Compare and contrast Abigail Adams' letter to her daughter with Jean de Crevecoeur's essay from "Letters from an American Farmer."

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In his Letters from an American Farmer, Michel Guillaume-Jean de Crevecoeur has nothing but praise for American and the beauty of the wilderness.  Of the colonies, he writes,

Here he [who comes to America] beholds fair cities, substantial villages, extensive fields, an immense country filled with decent houses, good roads, orchards, meadows, and bridges..."

Regarding the uncharted lands, Crevecoeur has nothing but praise in his romantic idealization of the wilderness.  For instance, he writes of how the effete vegetation of Europe finds new life in America, and he states that there is an abundance of timber and other natural resources.  To Crevecoeur, it is a larger and fuller life that the American can live.  A likely comparison to Thoreau is made with Crevecoeur who lives for years in the wilderness, ecstatic over its beauty.  He praises the idyllic life that can be lived in the new country of America.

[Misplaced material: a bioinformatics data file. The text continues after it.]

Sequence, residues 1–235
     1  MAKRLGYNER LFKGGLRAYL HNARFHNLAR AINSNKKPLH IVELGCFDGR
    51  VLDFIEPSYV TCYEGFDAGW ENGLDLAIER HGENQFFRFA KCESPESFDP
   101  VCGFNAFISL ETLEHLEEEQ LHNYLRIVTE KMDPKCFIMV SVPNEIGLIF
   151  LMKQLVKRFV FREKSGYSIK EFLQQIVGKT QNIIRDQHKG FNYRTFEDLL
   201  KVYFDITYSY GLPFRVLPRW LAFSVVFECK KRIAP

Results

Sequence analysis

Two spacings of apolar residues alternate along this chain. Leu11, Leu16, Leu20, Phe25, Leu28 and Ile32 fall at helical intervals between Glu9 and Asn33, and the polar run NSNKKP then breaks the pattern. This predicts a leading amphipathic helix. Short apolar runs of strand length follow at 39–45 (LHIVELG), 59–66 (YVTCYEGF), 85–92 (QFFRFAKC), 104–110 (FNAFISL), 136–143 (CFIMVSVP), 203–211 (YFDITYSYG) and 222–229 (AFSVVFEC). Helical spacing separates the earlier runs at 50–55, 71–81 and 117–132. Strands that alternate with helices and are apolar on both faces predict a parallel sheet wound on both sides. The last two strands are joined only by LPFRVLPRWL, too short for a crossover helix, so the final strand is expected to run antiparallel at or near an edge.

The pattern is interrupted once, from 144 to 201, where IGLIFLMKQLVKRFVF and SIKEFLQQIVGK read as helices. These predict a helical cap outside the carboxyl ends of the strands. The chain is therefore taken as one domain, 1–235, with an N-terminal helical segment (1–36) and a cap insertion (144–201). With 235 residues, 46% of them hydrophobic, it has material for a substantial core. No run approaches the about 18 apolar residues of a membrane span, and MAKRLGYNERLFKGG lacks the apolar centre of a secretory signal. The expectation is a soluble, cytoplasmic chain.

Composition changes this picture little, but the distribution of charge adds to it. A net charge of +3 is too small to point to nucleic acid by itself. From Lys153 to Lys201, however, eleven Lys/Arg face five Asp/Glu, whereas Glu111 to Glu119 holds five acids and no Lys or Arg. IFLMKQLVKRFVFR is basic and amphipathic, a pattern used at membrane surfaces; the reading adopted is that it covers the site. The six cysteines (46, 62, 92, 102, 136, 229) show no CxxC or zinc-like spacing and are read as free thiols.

While Abigail Adams's letter to her daughter shortly after she has arrived at the new White House in Washington, D.C., praises the scenic Potomac River and the countryside's beauty, it is clear that she is rather disappointed in the rustic state of the area and the White House itself. The place is not finished, the roads are impassable when wet, people are three or four miles away.  Her greatest complaint is that there are no bells to summon servants in such a large house, and no wood can be procured to warm the house.  There is coal available, but no grates:

but such a place as Georgetown appears,--why our Milton is beautiful. But no comparisons;--if they will put me up some bells, and let me have wood enough to keep fires, I design to be pleased. I could content myself almost anywhere three months; but surrounded with forest, can you believe that wood is not to be had, because people cannot be found to cut and cart it?....{Breisler] has had recourse to coals; but we cannot get grates made and set. We have indeed come into a new country.

Clearly, Abigail Adams's assessment of her new location is less than idyllic, but Crevcoeur finds nothing wrong with any aspect of America.

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